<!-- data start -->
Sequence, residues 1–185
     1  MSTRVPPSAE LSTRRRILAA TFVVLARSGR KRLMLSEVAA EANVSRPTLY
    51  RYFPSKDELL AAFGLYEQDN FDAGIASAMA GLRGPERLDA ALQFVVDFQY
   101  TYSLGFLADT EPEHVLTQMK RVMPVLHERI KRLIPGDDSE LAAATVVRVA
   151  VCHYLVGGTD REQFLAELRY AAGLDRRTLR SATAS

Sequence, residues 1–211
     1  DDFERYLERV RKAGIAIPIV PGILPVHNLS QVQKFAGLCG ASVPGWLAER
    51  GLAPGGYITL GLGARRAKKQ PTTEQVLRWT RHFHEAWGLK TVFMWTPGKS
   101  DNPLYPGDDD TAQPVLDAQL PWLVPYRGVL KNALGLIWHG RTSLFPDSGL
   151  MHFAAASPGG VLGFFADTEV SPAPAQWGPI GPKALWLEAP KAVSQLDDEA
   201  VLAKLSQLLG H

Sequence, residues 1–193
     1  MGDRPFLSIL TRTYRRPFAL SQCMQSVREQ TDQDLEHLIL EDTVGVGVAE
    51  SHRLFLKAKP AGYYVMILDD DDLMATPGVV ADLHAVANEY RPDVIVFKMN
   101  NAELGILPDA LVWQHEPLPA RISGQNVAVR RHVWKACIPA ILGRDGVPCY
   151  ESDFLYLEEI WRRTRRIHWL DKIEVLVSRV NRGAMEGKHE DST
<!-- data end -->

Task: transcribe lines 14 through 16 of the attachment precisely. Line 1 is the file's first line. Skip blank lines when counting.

    51  SHRLFLKAKP AGYYVMILDD DDLMATPGVV ADLHAVANEY RPDVIVFKMN
   101  NAELGILPDA LVWQHEPLPA RISGQNVAVR RHVWKACIPA ILGRDGVPCY
   151  ESDFLYLEEI WRRTRRIHWL DKIEVLVSRV NRGAMEGKHE DST